A new heritage and leisure trail that highlights Wexford’s historic Norman links got off on the right track when it was launched by Chairperson of Wexford County Council Tony Dempsey.
At a special ceremony in the Irish National Heritage Park, Cllr Dempsey introduced guests to the ‘Norman Way Tourism Trail’, a plan which will link remains of authentic Norman settlements in Wexford. The initial phase of the trail will extend from Our Lady’s Island to Kilmore Quay and includes New Ross town and the Ros Tapestry. Speaking at the launch, Cllr Tony Dempsey said that the trail will help local people to ‘reconnect with their origins’.
‘I’d say if you looked at the DNA of many Wexford people, they are bound to be of Norman origin,’ he said. ‘We know about our history around World War II and of course,1916, but we aren’t as familiar with our Norman history. This will give people a chance to visit places that are not often recognised and reconnect with the past.’
The trail is expected to provide a huge tourism boost to the county. Wexford County Council has received €180,000 from Failte Ireland for the development of the initiative as part of the New Ideas in Ancient Spaces fund under the Ireland’s Ancient East programme. Funding will go towards interpretation panels, signage, bicycle racks and access to the sites. Executive Planner with Wexford County Council Sonia Hunt is one of the key people involved in getting the trail off the ground. She said that it will help to resurrect some of Wexford’s sites that are currently not in use.
‘There are a lot of Norman sites that are just sitting there doing nothing at the moment,’ she said. ‘A lot of people don’t even know the significance of these sites or know that they are there. The trail will help to bring many of these places to life.’
Work is already underway on the trail, with the first phase set to be in place by March or April of this year. The aim of it is to create a unique visitor experience which brings people through Our Lady’s Island, Tomhaggard, Kilmore Quay, Bannow, Tintern, Fethard, Hookhead and to New Ross.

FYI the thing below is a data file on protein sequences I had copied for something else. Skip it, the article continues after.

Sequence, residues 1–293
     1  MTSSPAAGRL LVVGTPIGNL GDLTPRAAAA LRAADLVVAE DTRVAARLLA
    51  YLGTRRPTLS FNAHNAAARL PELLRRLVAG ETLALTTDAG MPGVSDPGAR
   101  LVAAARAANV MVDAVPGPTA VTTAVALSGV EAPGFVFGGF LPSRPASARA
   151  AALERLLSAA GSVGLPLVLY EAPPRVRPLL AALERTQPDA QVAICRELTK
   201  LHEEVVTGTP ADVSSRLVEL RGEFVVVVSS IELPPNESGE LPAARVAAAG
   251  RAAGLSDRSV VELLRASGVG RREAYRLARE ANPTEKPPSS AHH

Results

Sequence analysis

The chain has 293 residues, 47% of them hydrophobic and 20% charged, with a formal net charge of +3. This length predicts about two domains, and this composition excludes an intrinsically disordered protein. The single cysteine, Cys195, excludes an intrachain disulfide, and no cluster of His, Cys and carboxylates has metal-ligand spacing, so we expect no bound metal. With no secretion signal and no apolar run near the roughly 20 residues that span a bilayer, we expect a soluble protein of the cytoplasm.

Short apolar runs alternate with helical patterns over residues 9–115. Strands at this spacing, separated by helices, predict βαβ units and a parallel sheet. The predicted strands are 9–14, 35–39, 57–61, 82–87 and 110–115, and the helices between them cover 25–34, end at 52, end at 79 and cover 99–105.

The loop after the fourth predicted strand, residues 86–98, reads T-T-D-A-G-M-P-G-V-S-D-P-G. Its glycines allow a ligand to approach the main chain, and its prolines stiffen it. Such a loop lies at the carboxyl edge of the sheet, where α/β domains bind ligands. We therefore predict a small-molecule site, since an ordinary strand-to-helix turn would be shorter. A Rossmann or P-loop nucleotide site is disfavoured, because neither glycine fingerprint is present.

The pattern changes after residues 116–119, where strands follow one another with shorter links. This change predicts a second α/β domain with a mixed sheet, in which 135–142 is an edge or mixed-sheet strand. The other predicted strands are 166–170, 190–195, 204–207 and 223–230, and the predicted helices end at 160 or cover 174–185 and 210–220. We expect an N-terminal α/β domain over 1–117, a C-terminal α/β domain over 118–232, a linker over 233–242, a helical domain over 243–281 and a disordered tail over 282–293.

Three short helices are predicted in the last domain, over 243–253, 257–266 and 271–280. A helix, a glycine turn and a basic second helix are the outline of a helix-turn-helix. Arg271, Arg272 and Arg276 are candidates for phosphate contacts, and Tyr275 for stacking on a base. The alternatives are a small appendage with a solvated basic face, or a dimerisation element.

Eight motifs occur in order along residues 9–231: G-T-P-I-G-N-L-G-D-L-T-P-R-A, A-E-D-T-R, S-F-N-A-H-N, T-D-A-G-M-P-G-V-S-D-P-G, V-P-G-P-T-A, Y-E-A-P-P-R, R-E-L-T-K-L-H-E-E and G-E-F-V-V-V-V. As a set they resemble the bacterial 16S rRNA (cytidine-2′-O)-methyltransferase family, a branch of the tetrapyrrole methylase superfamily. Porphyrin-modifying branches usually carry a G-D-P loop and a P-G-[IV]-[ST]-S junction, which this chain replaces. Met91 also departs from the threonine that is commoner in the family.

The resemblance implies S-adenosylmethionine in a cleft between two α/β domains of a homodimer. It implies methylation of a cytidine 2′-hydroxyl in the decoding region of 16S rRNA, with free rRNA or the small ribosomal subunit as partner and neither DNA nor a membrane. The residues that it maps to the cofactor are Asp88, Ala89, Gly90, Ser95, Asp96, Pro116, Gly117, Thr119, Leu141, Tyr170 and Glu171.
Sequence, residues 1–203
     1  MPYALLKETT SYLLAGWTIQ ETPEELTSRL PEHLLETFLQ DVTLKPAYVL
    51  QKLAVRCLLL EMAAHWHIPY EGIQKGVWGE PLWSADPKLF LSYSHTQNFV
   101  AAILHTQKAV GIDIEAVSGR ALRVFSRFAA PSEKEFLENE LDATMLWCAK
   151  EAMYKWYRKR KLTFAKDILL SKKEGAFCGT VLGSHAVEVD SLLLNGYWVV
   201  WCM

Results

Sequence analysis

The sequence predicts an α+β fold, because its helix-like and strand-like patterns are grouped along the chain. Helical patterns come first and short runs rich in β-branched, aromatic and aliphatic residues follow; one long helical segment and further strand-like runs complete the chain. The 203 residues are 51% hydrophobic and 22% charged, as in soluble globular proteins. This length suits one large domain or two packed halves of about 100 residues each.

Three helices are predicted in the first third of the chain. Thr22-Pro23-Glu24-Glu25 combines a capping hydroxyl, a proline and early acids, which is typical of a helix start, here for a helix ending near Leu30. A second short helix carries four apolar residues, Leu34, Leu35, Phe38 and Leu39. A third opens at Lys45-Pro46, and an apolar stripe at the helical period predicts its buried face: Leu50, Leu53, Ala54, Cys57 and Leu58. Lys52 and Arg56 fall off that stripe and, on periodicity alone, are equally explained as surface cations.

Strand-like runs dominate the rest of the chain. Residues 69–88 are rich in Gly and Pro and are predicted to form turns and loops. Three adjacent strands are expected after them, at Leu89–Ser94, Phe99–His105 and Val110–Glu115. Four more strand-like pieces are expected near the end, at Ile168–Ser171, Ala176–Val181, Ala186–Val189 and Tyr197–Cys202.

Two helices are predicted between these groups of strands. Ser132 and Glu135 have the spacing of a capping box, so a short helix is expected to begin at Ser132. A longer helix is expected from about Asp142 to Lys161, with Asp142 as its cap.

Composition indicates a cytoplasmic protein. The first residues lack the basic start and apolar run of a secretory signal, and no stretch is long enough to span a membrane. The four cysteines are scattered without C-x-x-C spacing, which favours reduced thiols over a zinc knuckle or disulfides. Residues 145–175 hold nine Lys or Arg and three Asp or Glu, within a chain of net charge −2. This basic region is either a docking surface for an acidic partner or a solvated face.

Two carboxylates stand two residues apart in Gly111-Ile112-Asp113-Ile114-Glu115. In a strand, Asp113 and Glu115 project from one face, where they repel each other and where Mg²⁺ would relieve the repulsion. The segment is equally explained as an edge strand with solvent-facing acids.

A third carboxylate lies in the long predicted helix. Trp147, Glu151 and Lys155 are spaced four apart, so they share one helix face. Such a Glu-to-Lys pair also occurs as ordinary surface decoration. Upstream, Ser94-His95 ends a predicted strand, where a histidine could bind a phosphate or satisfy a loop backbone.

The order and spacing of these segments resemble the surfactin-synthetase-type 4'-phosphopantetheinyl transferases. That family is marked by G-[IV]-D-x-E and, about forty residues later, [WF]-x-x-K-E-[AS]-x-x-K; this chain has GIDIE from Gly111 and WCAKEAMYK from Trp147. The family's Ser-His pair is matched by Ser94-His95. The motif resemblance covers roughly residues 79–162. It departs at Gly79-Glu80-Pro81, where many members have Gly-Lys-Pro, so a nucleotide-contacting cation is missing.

The first phase of the plan will develop the town of New Ross as its tourism centre through utilising the story of William Marshall. Several additional features will boost the trail’s tourism potential further.
‘There is also going to be a cycle route for European tourists who arrive on the boat in Rosslare,’ explained Ms Hunt. ‘We will probably advertise this on the boat itself. Hopefully it will give people a reason to stay in Wexford rather than go elsewhere right away.’
An app that pinpoints historic sites, cafes and other places of interest in Wexford is also due to be launched. ‘It’s endless what you can offer on it because Wexford has so much to offer,’ said Ms Hunt.
Director of Services for Economic Development and Planning Council Tony Larkin said that although they don’t expect the trail to create to a huge amount of direct employment in Wexford, it will have a knock-on effect on business in other areas such as hotels and bed and breakfasts.
‘The development of the Norman Way will give hotels a hook and lead to expansion for them,’ he said. ‘It will help them to expand their tourist season outside of the summer.’
Although this first phase is not yet completed, Mr Larkin already has his sights set on the next phase which will centre on Ferns.
‘We hope to develop Ferns as the next core hub,’ he explained. ‘We are working with local people and will hold a seminar in February where we will speak with top historians and piece together the most important pieces of Ferns history.’
The Ireland’s Ancient East programme is geared to maximise the history and heritage in the region and bring it to greater international attention. Speaking at the launch, Client Services Officer with Failte Ireland Eimear Whittle said that the initiative has the potential to deliver an extra 600,000 overseas visitors to the region and increase visitor revenue by almost 25 per cent to €950 mn by 2020.